Monday, October 06, 2014

On political calculations

I haven't seen anybody else question the most self-congratulatory aspect of Stephen Harper's position on a new Iraq war, and at least a few commentators seem to have been willing to swallow it whole. So let's address the question of which leader has the most obvious political reason to position himself the way he has:
I urge all Members to consider and support the motion we have presented. I do this, Mr. Speaker, in recognizing that, in a democracy, especially one approaching an election…there is rarely political upside in supporting any kind of military action, and little political risk in opposing it.
Of course, for an opposition leader, Harper is right to recognize that there's little upside in falling in line behind a government call to arms. But for the government, the calculations are rather different: instead, one might make the argument that based on past performance, any PM seeking re-election should be giddy about the prospect of both a bump in personal support, and the ability to label opposition parties as unpatriotic for disagreeing on any issue.

Which means that some war - any war - can easily be seen as Stephen Harper's best chance of shaking up a political scene which had turned against him in order to create some hope of appealing to somebody beyond his rapidly-shrinking base.

But what about the long-term political dangers of owning the war for himself? Well, those would never really materialize to the extent Harper could strong-arm other parties into co-owning the war. And even then, the choice to limit Canadian involvement to air strikes makes any bloodshed unlikely in the time leading up to the next federal election.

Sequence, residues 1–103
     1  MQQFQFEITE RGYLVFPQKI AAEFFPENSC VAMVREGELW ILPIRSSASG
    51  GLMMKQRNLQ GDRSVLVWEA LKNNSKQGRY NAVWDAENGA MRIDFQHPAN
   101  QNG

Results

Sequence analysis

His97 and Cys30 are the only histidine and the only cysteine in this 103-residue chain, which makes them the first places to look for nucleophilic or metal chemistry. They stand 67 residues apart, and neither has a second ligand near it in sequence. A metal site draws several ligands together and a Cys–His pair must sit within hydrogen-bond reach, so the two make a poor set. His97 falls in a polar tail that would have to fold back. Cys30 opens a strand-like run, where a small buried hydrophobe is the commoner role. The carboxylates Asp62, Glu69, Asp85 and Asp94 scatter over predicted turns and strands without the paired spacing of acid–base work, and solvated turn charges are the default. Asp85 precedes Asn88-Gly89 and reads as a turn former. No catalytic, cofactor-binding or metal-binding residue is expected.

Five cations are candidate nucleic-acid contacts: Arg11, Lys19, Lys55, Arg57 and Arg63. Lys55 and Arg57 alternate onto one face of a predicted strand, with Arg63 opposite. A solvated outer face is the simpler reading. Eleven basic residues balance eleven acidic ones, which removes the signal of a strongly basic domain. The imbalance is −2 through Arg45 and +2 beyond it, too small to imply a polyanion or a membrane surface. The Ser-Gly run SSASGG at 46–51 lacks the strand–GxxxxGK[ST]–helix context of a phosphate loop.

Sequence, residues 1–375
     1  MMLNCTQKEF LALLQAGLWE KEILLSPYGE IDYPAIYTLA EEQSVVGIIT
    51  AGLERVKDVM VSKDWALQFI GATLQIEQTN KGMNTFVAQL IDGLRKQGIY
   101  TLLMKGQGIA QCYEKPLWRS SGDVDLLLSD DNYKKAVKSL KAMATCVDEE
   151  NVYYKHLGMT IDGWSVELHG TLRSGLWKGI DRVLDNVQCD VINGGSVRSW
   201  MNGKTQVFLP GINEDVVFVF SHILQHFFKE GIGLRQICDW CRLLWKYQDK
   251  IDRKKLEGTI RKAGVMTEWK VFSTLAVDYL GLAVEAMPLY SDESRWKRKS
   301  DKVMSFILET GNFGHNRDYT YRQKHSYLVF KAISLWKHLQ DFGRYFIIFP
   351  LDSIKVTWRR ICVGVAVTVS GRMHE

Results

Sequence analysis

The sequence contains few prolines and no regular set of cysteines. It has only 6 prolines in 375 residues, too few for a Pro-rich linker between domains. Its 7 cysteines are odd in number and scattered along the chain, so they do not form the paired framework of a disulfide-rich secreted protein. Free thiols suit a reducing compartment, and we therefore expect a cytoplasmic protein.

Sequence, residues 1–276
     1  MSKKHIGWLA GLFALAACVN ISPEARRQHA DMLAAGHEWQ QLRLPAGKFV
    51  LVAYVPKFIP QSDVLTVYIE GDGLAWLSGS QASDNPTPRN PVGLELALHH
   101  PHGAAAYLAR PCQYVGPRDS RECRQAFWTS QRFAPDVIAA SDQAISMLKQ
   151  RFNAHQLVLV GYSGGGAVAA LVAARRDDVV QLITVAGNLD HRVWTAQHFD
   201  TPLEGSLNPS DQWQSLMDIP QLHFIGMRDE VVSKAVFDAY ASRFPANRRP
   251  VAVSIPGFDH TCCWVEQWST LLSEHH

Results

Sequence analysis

So the Cons' chosen level and type of involvement in the new Iraq war makes a world of political sense, allowing Harper to start up the jingoism with minimal risk of losses. But by the same token, it looks rather less logical to the extent anybody actually feared that ISIS was the existential threat Harper claims it to be. 

Now, one can fairly make the point that the other parties' choices are also consistent with rational political positioning. But a leader as hyperpartisan as Harper - whose party has the most to gain from pushing military action of any kind, and the most to lose from not forcing the issue - should hardly be taken seriously when he claims that political upside isn't at the centre of his own choices.

1 comment:

  1. I believe your initial statement is true if referring to the mainstream media, but certainly not the blogosphere. While there is a base that is buying the patriotism and fear campaign (hook, line and sinker), many have commented on the fact that the Cons' accusations are of others using the Cons' modus operandi. The Conservatives have gorged themselves for years on a daily staple of partisanship. Who would believe they would change their stripes now.

    My fear is that there are far too many buying this rubbish, as the mainstream media no longer challenges these types of hypocrisies.

    I do believe your post is 'spot on'. I enjoyed reading it, and thank you for airing your voice.